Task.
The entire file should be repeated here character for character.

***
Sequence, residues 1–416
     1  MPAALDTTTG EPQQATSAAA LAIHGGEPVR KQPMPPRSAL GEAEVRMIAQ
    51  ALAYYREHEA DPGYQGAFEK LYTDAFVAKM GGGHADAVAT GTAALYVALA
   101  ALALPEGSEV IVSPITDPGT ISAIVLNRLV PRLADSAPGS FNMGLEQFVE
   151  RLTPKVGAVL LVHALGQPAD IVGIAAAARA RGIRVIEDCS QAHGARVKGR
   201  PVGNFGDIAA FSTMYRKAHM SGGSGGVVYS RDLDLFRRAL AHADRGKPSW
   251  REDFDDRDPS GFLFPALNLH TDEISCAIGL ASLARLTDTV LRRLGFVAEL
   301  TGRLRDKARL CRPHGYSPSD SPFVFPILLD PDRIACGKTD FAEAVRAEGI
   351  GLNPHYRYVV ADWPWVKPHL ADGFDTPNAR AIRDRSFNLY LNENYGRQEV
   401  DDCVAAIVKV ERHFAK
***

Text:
Sequence, residues 1–416
     1  MPAALDTTTG EPQQATSAAA LAIHGGEPVR KQPMPPRSAL GEAEVRMIAQ
    51  ALAYYREHEA DPGYQGAFEK LYTDAFVAKM GGGHADAVAT GTAALYVALA
   101  ALALPEGSEV IVSPITDPGT ISAIVLNRLV PRLADSAPGS FNMGLEQFVE
   151  RLTPKVGAVL LVHALGQPAD IVGIAAAARA RGIRVIEDCS QAHGARVKGR
   201  PVGNFGDIAA FSTMYRKAHM SGGSGGVVYS RDLDLFRRAL AHADRGKPSW
   251  REDFDDRDPS GFLFPALNLH TDEISCAIGL ASLARLTDTV LRRLGFVAEL
   301  TGRLRDKARL CRPHGYSPSD SPFVFPILLD PDRIACGKTD FAEAVRAEGI
   351  GLNPHYRYVV ADWPWVKPHL ADGFDTPNAR AIRDRSFNLY LNENYGRQEV
   401  DDCVAAIVKV ERHFAK